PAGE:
April 15, 2024
Water providers urge homeowners to check for leaky faucets

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Population growth, increased development and global warming have an impact on water supply. But the average household wastes about 10,000 gallons of water a year, according to the Environmental Protection Agency.

In addition, 10% of homes have leaks that waste 90 gallons or more per day. So, water providers are encouraging residents to conserve their usage by fixing leaky faucets and toilets.

“We oftentimes, I think, feel overwhelmed that there aren’t things we can do to help the environment,” said Mark McDonough, president of New Jersey American Water. “This is one simple thing that we can all do that actually can have an outsized impact.”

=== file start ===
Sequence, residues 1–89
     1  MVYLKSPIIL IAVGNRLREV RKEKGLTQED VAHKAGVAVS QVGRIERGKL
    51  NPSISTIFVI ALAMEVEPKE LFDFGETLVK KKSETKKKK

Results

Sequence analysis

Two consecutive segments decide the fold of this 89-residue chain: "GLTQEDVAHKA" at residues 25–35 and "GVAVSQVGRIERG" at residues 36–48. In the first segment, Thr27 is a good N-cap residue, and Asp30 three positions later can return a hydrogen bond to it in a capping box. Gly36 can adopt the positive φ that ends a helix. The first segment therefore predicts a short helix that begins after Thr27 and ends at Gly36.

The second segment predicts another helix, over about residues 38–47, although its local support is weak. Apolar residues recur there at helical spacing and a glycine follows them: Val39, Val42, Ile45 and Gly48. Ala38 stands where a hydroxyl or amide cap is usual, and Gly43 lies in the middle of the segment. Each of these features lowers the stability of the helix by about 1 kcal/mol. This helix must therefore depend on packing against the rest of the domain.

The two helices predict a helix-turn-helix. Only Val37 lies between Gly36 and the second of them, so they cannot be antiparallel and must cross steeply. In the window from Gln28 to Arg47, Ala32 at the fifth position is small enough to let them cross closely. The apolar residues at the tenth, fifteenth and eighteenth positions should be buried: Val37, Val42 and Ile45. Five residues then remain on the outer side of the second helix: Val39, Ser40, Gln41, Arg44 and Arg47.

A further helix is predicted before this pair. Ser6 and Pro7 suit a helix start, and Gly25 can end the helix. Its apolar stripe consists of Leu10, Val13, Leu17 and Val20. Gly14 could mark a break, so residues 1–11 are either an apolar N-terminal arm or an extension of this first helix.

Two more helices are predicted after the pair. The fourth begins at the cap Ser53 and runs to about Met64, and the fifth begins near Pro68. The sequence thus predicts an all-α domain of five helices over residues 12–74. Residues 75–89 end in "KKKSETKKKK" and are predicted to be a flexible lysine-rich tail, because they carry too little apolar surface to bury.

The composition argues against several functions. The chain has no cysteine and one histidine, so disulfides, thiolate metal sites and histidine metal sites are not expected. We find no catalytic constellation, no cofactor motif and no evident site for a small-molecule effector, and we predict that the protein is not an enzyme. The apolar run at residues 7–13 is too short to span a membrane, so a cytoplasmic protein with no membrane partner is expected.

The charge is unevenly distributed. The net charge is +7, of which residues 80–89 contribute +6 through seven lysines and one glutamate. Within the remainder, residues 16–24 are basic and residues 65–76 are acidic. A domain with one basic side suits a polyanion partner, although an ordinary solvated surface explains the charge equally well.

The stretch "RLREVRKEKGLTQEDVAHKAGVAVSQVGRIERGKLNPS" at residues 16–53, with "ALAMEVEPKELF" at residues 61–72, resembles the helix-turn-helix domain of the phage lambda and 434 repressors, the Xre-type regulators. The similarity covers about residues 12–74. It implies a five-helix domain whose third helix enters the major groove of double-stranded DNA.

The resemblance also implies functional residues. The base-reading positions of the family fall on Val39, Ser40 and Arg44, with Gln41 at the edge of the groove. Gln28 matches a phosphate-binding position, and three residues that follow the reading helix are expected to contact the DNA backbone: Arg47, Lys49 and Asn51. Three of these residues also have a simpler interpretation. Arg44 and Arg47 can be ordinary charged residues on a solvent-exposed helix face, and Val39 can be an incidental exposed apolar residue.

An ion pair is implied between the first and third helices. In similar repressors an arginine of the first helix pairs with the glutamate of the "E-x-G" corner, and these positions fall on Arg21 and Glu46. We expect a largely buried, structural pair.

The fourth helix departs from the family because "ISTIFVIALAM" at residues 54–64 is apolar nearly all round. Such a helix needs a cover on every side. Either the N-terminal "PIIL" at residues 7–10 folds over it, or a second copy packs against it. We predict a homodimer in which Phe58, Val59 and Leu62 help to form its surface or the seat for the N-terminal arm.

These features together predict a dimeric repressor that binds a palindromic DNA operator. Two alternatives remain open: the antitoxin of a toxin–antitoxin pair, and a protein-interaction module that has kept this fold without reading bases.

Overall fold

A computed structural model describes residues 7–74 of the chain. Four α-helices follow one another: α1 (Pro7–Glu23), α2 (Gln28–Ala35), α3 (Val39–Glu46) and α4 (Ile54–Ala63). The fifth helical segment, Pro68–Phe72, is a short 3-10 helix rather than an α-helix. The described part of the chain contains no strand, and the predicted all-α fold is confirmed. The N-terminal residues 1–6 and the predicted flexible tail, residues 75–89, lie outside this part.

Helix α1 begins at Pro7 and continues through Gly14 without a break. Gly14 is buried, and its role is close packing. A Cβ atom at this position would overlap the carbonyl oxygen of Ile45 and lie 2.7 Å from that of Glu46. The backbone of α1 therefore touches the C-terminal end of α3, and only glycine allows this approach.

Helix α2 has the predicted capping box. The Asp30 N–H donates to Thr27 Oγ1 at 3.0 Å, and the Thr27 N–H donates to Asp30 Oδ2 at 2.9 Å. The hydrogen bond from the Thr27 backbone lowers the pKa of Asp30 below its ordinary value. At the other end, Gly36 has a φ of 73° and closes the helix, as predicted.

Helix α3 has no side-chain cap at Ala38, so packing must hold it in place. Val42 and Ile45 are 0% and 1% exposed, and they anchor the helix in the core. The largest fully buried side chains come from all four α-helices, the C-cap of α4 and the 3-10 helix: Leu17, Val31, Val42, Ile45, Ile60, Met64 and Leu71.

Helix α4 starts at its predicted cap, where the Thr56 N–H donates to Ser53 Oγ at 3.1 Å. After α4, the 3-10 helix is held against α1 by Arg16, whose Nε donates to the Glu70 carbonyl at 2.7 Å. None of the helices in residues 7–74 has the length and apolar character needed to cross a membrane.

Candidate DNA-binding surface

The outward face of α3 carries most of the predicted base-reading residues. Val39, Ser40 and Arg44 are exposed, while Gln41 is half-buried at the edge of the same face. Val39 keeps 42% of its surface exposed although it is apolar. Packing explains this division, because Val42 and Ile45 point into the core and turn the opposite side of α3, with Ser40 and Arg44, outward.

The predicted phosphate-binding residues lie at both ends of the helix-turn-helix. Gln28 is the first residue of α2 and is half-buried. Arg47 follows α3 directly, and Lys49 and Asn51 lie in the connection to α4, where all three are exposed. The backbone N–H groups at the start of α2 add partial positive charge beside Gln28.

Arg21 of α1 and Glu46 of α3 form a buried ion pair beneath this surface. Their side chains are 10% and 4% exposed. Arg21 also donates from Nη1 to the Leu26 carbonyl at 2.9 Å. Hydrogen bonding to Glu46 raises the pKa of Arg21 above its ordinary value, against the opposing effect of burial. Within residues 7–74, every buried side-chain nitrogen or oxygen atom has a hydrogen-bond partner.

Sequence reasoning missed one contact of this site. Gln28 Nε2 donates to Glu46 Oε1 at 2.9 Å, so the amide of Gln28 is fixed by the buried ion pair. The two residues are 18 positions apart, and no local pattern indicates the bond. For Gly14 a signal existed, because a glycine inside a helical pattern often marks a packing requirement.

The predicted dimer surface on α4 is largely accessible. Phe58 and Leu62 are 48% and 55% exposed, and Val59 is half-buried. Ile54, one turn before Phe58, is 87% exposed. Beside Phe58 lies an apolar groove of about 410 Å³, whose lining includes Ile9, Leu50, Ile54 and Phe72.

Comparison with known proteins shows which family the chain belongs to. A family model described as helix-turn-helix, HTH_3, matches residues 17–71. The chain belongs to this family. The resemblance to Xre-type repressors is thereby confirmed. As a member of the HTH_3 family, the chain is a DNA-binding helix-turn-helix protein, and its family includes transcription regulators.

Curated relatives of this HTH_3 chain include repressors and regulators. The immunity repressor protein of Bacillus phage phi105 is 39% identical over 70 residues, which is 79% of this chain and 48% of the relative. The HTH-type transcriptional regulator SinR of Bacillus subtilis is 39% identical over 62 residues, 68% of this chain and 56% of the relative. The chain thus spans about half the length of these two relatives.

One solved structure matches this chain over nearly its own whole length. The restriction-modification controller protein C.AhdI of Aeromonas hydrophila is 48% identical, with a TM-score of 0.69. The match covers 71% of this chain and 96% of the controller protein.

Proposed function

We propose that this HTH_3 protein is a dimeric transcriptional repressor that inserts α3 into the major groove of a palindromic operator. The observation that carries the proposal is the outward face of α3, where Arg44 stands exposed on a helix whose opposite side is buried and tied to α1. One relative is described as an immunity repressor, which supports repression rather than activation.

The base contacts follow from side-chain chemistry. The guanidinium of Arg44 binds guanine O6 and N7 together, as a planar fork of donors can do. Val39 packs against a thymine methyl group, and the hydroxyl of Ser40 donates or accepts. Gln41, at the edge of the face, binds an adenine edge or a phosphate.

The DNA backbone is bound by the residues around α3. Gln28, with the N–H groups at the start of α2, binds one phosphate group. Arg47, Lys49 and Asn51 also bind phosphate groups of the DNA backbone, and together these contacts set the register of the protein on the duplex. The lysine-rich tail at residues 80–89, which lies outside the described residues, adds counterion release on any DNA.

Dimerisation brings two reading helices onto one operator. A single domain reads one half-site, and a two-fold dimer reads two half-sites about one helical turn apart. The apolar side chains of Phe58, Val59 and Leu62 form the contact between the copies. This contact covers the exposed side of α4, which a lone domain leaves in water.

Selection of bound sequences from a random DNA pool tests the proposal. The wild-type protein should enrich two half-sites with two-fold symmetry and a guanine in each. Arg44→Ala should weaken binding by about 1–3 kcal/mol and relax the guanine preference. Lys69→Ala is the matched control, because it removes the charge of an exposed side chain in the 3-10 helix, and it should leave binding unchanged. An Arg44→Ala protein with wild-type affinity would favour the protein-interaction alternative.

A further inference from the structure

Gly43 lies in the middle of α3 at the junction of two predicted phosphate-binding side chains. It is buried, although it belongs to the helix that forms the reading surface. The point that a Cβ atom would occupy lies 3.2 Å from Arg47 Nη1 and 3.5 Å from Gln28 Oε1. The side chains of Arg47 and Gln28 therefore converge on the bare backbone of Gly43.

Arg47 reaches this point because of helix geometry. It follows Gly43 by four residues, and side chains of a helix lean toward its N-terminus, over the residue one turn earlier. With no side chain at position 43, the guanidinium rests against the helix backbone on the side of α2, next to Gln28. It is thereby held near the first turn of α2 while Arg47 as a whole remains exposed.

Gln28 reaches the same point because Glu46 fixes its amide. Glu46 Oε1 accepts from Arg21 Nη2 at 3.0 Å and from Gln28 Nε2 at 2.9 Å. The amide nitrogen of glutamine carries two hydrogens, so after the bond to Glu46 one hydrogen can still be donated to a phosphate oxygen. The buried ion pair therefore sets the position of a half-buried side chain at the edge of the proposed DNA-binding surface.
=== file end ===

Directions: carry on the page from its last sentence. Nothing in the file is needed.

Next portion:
The EPA has several tips for finding leaks in homes. For instance, if the water meter changes when water is not in use, there may be a leak. Homeowners should also check their water bill monthly — if the usage increases but the household size hasn’t changed, there may be a leak.

Residents can also find toilet leaks by adding a drop of food coloring in the tank at the back of the toilet. If there’s color in the bowl after 10 minutes, there may be a leak.

Old toilet flappers, which hold water and release it into the bowl when the toilet is flushed, also can cause leaks. The flapper should be replaced at least every five years to avoid leaks, the EPA advises.

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